Course Meeting Times
Lectures: 2 sessions / week, 1.5 hours / session
Reciations: 1 session / week
- 14.01 Principles of Microeconomics
- 14.03 Microeconomic Theory and Public Policy
- 14.04 Intermediate Microeconomic Theory
- 6.041 Probablistic Systems Analysis and Applied Probability
Bear in mind that you should be at ease with basic probability theory and calculus, and more importantly, you should be used to thinking in mathematical terms. In particular, in addition to 14.01, a student must have taken either 14.03, or 14.04, or an intermediate course in probability theory. Otherwise, the student needs my explicit consent. In any case, if you are taking this course, you should be prepared to work hard.
Game Theory, also known as Multiperson Decision Theory, is the analysis of situations in which the payoff of a decision maker depends not only on his own actions but also on those of others. Game Theory has applications in several fi elds, such as economics, politics, law, biology, and computer science. In this course, I will introduce the basic tools of game theoretic analysis. In the process, I will outline some of the many applications of Game Theory, primarily in economics.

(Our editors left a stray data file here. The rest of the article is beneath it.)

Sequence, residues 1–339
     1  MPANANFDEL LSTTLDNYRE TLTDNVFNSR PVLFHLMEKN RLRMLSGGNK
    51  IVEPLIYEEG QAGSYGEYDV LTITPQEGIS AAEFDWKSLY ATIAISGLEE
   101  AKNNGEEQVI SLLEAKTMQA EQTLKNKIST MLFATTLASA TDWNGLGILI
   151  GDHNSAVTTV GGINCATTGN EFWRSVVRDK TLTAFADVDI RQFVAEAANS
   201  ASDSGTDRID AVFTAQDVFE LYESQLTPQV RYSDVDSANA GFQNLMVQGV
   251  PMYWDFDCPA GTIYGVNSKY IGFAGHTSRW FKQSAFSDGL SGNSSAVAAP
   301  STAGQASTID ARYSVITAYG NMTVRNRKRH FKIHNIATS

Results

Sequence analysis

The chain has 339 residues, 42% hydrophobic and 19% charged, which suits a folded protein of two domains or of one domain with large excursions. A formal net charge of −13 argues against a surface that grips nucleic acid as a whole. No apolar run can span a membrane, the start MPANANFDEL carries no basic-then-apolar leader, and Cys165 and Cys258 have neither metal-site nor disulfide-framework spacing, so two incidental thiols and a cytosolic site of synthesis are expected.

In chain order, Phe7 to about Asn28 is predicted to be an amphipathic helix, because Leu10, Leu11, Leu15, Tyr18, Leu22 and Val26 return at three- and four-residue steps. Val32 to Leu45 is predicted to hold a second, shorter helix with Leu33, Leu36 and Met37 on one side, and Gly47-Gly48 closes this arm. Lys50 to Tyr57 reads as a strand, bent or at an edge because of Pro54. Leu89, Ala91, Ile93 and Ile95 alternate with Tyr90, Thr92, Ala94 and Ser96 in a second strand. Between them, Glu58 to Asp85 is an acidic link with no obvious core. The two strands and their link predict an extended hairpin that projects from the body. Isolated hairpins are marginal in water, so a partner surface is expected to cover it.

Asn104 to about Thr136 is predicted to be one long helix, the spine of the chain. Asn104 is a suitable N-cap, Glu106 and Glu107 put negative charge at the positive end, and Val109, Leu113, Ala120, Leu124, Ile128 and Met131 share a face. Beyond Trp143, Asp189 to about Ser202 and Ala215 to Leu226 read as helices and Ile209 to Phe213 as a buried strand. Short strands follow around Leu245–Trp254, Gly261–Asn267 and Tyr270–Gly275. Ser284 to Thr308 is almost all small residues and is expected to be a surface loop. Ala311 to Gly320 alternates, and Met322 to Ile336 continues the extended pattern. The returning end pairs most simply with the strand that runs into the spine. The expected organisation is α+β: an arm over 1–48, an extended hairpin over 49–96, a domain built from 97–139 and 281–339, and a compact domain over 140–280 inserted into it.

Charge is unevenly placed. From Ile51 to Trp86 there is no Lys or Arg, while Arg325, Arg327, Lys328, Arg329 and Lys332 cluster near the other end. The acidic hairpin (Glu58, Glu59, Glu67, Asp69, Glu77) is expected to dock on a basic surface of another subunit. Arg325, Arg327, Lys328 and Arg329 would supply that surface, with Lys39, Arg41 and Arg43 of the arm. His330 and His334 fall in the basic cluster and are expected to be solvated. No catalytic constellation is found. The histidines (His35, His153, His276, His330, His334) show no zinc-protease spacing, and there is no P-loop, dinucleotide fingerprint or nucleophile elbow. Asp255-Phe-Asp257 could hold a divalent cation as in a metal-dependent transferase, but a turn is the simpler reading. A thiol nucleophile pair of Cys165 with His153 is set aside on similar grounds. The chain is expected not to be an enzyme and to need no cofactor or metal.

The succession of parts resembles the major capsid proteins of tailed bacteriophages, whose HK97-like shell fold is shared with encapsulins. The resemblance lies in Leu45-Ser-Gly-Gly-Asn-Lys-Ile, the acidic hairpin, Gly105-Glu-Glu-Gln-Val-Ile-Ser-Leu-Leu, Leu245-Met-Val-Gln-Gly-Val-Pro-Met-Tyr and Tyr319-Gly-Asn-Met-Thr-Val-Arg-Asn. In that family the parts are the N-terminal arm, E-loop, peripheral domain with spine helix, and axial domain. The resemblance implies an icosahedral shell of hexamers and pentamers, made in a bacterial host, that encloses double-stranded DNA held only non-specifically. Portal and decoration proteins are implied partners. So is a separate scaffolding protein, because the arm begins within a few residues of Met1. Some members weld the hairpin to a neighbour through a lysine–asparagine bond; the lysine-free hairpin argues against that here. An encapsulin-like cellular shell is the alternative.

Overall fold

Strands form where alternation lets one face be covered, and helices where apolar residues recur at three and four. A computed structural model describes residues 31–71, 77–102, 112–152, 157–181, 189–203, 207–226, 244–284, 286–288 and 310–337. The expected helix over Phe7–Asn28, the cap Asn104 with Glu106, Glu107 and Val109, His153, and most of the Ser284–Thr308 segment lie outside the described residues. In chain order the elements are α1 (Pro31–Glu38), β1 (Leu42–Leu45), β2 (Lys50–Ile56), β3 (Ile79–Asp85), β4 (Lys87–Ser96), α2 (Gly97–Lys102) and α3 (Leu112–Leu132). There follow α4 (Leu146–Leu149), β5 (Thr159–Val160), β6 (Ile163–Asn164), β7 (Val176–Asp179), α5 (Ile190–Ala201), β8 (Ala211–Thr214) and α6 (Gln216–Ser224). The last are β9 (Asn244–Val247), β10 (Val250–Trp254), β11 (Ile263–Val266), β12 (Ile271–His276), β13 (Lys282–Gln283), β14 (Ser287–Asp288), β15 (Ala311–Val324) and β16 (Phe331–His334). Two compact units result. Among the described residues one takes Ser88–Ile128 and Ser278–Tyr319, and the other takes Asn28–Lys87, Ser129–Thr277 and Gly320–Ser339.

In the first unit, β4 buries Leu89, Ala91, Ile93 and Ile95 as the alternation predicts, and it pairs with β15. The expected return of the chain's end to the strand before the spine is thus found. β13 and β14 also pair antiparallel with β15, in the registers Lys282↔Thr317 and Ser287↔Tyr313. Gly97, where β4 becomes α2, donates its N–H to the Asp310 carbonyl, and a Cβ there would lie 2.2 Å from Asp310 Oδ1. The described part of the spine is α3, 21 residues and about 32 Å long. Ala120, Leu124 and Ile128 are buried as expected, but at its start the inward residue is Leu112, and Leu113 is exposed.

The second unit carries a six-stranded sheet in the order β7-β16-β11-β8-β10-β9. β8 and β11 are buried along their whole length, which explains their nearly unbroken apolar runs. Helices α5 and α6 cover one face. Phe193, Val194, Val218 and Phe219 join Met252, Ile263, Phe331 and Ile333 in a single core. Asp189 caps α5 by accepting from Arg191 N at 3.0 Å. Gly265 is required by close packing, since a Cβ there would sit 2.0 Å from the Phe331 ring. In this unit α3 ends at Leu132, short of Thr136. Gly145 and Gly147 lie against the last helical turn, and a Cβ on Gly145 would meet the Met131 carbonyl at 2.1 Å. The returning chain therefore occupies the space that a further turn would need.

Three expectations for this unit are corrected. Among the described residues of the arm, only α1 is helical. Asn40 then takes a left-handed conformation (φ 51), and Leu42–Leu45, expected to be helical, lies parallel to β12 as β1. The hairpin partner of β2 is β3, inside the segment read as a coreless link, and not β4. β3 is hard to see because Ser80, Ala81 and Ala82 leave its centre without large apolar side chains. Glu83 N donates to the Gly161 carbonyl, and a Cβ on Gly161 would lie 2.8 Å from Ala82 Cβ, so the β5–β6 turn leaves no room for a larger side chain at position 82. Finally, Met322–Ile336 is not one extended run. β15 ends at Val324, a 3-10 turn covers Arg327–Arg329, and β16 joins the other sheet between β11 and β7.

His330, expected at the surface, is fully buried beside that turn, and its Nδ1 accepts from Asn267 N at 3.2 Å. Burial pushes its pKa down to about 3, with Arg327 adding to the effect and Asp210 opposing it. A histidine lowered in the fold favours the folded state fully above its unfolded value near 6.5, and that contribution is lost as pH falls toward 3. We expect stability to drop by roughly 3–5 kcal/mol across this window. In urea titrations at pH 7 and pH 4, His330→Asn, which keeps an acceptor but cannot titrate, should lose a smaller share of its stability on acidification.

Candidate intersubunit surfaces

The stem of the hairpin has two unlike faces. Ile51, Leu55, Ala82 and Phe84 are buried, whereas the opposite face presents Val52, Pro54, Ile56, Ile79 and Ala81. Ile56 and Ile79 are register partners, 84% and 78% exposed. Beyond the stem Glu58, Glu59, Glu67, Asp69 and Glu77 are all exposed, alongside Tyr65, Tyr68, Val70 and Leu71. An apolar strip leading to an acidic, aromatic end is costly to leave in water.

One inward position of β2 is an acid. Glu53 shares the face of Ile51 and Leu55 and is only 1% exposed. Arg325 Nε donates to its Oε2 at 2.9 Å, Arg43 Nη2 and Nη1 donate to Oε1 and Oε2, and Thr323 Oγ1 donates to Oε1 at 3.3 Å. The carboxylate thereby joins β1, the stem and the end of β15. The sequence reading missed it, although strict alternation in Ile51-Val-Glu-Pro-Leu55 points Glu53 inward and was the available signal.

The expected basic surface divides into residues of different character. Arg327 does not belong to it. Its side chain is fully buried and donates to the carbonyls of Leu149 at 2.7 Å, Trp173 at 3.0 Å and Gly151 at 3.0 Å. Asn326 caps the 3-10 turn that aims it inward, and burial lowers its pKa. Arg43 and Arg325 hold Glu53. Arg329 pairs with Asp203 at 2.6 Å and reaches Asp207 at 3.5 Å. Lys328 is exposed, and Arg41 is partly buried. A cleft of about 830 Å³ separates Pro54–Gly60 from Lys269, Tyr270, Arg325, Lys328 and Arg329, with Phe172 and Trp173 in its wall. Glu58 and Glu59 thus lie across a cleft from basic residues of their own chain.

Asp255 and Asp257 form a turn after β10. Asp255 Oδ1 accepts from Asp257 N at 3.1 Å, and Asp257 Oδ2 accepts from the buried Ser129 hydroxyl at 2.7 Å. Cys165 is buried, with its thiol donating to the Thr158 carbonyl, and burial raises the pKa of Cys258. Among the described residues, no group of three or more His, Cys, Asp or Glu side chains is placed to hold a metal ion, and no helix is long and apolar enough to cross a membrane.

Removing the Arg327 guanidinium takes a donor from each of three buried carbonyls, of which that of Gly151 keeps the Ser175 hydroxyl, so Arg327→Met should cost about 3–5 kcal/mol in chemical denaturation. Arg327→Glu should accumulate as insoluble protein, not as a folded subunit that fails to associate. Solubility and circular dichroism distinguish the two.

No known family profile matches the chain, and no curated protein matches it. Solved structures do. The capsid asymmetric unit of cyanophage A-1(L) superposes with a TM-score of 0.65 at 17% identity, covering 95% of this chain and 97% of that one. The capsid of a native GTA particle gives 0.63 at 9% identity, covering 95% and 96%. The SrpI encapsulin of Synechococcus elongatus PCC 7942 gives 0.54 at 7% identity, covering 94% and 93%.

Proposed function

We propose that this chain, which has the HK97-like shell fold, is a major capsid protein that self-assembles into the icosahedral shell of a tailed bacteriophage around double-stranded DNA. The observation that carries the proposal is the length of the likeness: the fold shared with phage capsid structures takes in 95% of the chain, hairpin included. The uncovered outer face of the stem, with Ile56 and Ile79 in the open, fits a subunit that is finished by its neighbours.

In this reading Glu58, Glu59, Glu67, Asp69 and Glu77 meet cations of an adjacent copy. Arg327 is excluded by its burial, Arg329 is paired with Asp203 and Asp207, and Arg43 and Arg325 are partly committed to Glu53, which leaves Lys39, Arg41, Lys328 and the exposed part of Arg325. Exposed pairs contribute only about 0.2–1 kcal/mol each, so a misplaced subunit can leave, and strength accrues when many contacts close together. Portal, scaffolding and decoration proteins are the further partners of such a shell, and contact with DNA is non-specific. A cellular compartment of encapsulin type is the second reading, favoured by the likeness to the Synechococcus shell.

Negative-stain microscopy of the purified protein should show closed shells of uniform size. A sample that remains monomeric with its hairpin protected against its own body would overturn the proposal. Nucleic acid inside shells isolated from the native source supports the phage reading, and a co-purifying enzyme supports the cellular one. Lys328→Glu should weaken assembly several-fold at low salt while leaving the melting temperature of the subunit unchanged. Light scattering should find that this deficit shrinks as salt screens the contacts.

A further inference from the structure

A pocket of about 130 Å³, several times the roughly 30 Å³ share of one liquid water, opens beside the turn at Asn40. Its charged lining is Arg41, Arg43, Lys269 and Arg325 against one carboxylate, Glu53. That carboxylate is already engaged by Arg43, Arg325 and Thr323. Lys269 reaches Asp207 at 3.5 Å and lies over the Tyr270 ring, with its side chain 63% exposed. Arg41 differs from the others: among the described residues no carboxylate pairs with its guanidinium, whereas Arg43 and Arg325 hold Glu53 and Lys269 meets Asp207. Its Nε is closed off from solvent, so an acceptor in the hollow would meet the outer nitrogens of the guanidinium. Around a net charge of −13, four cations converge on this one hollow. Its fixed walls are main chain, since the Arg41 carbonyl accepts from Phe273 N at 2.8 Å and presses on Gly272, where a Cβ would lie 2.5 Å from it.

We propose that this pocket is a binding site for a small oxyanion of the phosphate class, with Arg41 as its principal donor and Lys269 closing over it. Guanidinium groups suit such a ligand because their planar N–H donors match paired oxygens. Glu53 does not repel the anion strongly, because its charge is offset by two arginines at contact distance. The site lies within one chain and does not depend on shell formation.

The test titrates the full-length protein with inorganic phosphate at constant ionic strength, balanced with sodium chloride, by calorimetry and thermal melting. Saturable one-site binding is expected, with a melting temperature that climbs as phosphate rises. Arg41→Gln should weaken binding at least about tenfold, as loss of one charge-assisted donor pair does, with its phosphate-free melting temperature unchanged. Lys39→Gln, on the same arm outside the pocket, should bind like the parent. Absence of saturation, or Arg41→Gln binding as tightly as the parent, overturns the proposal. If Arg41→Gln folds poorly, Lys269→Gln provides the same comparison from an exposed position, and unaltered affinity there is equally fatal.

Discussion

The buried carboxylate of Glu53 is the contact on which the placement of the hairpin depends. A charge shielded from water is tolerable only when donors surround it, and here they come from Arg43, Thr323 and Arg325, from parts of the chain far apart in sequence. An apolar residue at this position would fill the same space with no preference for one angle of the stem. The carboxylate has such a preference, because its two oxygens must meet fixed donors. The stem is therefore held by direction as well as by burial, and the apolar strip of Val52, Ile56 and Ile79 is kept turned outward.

Game Theory has emerged as a branch of mathematics and is still quite mathematical. My emphasis will be on the conceptual analysis and applications, keeping the level of mathematical technicalities to a minimum, especially at a level that should be quite acceptable to the average MIT student.
Given the class size and the difficulty of the subject, you may not follow all of my lectures. You will probably need a lot of help. This year there will be three Teaching Assistants (TAs). They will help you. There will be three recitations on each Friday. In these recitations, TAs will go over the topics that are covered by that week's lecture and answer your questions. Most weeks there will be some important points that I would want you to understand well, the points about which you will be examined. These points will also be covered in recitation.
The main source of the material is the detailed lecture notes I will be posting. The official textbook is:
Gibbons, Robert. Game Theory for Applied Economists. Princeton University Press, 1992. ISBN: 9780691003955. [Preview with Google Books]
|Five problem sets||20|
The problem sets are meant to teach you the material. Hence, you are encouraged to work in groups, but every student has to write his or her own solution and submit it individually.
All exams are closed books. You may be able to get partial credit by stating the relevant facts, such as the definition of the solution concept to be used, towards the correct solution. You will also get 10% credit for each problem (or subproblem) that you leave empty (or write something like "I don't know the answer") because acknowledging ignorance is the first step to the knowledge. Nonetheless, you will not get any points for stating irrelevant facts, e.g. writing the solution to a similar problem from the problem set or past exam.